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Thread: Sesame article page

  1. #1
    Elmar's Avatar
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    Sesame article

    Primal Fuel
    Hi there,

    I tried to find some more info on PB with regards to Sesame. One article writes a little intro but ends with "perhaps a more comprehensive post is in order for this one".

    I kind of stumbled across this because we like to spend our holidays in Greece and the most famous traditional sweet bar is simply compressed sesame, almond and honey.

    What really struck me that these bars have a quite impressive protein ratio. To be exact one sesame bar has similar amounts of protein (15-20%) than one of these high-tec protein bars in the gym... minus the 1000 other, unhealthy ingredients and only moderate carbs.

    So if you happen to be in Greece try the cheap, very tasty, low-tec Greek Sesame/Almondbar.

    All the best,
    El
    train anywhere. anytime. aeroSling

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    My opinion on sesame seeds is that they are too high in Omega-6 fats to be a dietary staple, but delicious as a garnish or an occasional treat.

    I've always loved those Greek candies - my grandparents used to keep the tiny ones that are just sesame and honey in their house when I was growing up. I just found a neat recipe for making them yourself:
    Sesame Honey Candy or Pasteli from Nourished Kitchen

    I also grew up eating halva (a dense, slightly bitter confection made of ground sesame, sugar, and - if you were lucky - dark chocolate). Mmmm. I might try making a honey-based version for the next time I see my folks.
    The Primal Holla! Eating fat. Getting lean. Being awesome.

    You were sick, but now you're well, and there's work to do. - Kilgore Trout

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    Elmar's Avatar
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    Sure, we are not talking everyday use but it seems like sesame is pretty solid food. I especially like the sesame almond combo. Probably, I am just looking for an good excuse to eat but it sure tastes better and less sweet than anything else you can get in the protein/energy bar business. Actually making it myself is a pretty cool idea.

    Enter Wikiepedia:

    General claims

    While not approved by the US Food and Drug Administration, sesame oil is reputed to have a number of therapeutic uses.

    It is suggested that regular topical application and/or consumption of sesame oil should mitigate effects[19] of anxiety, nerve and bone disorders, poor circulation, lowered immunity and bowel problems. It is suggested such use would also relieve lethargy, fatigue, and insomnia, while promoting strength and vitality, enhancing blood circulation. There are claims that its use has relaxing properties which eases pain and muscle spasm, such as sciatica, dysmenorrhoea, colic, backache, and joint pain.

    Sesame oil when used in infant massage, it is claimed, helps to calm babies and lull them to sleep and improves growth of the brain and the nervous system.[20] These are claims similar to other therapeutic medicines, that its having antioxidants explains beliefs that it slows the aging process and promotes longevity. A 2000 medical study showed that infant massage with sesame oil improved the weight, length, and midarm and midleg circumferences of infants at a statistically more favorable rate than all other oils tested.[21]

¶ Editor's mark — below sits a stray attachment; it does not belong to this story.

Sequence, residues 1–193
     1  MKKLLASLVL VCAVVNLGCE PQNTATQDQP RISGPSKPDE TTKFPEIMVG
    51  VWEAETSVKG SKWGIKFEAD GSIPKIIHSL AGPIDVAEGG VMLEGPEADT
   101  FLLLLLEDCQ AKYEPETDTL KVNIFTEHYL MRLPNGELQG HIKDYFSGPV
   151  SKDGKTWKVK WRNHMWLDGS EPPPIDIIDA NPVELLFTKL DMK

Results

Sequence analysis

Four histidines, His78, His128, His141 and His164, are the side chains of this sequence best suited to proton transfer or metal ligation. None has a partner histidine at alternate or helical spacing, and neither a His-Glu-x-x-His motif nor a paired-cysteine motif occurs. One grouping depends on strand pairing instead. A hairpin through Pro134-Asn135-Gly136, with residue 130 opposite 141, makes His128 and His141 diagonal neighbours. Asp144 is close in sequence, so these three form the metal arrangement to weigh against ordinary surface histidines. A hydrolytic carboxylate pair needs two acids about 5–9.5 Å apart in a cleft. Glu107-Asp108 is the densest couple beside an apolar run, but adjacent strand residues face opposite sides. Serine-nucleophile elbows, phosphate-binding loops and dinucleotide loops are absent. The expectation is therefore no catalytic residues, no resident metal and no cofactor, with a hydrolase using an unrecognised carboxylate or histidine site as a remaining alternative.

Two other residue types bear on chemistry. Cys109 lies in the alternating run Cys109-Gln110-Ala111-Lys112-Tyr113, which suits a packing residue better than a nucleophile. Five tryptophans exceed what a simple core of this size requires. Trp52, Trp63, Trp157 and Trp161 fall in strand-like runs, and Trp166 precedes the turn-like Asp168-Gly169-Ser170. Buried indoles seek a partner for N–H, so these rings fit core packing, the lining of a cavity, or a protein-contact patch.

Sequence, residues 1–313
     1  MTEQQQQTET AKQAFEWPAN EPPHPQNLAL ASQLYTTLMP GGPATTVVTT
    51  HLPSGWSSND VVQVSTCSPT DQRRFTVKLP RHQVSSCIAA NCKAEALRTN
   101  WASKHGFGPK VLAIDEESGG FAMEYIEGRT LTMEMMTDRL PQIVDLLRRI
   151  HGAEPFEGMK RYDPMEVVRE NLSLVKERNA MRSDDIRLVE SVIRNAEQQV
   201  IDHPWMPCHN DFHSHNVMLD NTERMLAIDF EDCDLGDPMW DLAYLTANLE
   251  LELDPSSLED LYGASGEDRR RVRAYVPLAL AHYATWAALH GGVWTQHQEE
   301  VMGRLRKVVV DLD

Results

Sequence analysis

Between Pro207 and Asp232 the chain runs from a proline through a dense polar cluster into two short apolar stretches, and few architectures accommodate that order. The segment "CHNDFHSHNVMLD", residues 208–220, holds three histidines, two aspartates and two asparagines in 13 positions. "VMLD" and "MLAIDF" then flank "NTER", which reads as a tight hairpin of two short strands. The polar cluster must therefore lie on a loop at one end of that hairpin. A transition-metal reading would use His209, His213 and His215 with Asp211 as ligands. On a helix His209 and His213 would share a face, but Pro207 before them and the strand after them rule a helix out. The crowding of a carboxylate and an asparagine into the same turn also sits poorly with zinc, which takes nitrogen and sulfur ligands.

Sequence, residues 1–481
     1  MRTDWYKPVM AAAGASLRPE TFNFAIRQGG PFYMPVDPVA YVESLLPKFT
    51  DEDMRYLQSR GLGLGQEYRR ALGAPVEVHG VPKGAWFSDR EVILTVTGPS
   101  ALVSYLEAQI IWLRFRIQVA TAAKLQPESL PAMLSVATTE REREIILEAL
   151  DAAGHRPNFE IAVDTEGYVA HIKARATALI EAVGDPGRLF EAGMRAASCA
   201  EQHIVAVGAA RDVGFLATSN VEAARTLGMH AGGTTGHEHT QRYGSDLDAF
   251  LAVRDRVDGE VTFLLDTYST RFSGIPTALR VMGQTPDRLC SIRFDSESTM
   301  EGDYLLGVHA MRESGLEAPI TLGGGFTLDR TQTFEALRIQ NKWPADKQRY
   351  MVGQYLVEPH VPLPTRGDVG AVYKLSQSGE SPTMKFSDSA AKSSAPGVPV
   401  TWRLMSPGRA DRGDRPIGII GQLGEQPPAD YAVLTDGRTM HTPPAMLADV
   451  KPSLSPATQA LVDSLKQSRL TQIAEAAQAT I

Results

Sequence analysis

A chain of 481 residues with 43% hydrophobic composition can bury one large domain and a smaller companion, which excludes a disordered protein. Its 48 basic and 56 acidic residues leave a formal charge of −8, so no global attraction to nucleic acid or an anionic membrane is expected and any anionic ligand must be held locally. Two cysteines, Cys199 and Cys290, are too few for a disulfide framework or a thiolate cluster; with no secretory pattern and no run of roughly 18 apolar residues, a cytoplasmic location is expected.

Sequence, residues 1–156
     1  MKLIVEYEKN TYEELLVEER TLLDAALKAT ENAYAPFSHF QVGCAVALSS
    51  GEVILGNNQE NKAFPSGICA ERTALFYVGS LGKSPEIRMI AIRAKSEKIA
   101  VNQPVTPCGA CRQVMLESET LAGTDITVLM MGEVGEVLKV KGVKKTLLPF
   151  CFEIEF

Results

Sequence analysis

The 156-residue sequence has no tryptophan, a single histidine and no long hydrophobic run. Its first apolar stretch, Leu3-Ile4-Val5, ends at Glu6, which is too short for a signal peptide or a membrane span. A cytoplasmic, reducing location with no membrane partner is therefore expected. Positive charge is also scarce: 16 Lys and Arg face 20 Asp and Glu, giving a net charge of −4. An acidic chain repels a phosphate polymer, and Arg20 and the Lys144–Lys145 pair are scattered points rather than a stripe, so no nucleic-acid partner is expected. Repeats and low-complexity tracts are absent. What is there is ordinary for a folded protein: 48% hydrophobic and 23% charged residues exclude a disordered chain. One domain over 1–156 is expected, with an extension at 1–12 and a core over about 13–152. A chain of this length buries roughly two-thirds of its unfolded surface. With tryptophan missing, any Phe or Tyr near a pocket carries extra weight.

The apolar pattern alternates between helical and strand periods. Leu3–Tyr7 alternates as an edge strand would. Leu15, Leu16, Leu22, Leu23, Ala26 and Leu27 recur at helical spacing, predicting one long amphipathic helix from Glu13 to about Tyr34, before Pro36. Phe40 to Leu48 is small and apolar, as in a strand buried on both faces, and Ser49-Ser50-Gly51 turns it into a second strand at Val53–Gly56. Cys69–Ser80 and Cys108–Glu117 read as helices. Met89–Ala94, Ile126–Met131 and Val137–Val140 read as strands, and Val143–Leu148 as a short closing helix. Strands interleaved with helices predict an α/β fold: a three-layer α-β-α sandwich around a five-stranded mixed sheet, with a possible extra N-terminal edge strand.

It is suggested that sesame oil, when consumed and/or topically applied, should relieve dryness both externally and internally. Sesame oil is sometimes recommended to alleviate the dryness associated with menopause.[22] It is believed that its use "restores moisture to the skin, keeping it soft, flexible and young looking". It is suggested that it relieves "dryness of joints" and bowels, and eases symptoms of dryness such as irritating coughs, cracking joints, and hard stools. Since "dryness of joints" is not a medically classifiable condition, it would be difficult to medically comprehend or verify these claims of panacea.

    Other uses include as a laxative, as a remedy for toothaches and gum disease[23] and in the treatment of blurred vision, dizziness, and headaches.[11]

    It is suggested that sesame oil could be used in the treatment of dry nose, reduction of cholesterol levels (due to presence of lignans which are phytoestrogens), anti-bacterial effects, and even slowing down certain types of cancer (due to the anti-oxidant properties of the lignans).[24]
    train anywhere. anytime. aeroSling

  4. #4
    theholla's Avatar
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    Quote Originally Posted by Elmar View Post
    Sure, we are not talking everyday use but it seems like sesame is pretty solid food. I especially like the sesame almond combo. Probably, I am just looking for an good excuse to eat but it sure tastes better and less sweet than anything else you can get in the protein/energy bar business. Actually making it myself is a pretty cool idea.
    Totally agreed - pasteli are definitely no worse than your typical energy bar, and probably much, much better! If you really want a health boost, you could try making it with raw honey.

    The Wikipedia article raises some interesting ideas - I think I have some reading to do.
    The Primal Holla! Eating fat. Getting lean. Being awesome.

    You were sick, but now you're well, and there's work to do. - Kilgore Trout

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